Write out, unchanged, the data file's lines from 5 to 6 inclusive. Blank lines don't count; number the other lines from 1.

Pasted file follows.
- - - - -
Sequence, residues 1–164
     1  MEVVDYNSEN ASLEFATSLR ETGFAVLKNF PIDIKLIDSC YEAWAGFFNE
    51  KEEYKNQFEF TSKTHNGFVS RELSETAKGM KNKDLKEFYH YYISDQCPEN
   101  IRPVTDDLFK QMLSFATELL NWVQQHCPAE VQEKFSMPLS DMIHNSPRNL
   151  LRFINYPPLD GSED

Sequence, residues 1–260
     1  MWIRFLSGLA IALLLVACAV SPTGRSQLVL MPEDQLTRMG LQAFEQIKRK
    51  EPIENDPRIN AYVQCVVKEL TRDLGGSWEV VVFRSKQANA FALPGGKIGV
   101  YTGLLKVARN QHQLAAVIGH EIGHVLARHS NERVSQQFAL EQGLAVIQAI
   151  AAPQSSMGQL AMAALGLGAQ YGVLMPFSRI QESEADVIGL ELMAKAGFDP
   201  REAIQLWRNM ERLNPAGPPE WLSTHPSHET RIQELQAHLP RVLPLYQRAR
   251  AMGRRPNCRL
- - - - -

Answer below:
   151  LRFINYPPLD GSED

Sequence, residues 1–260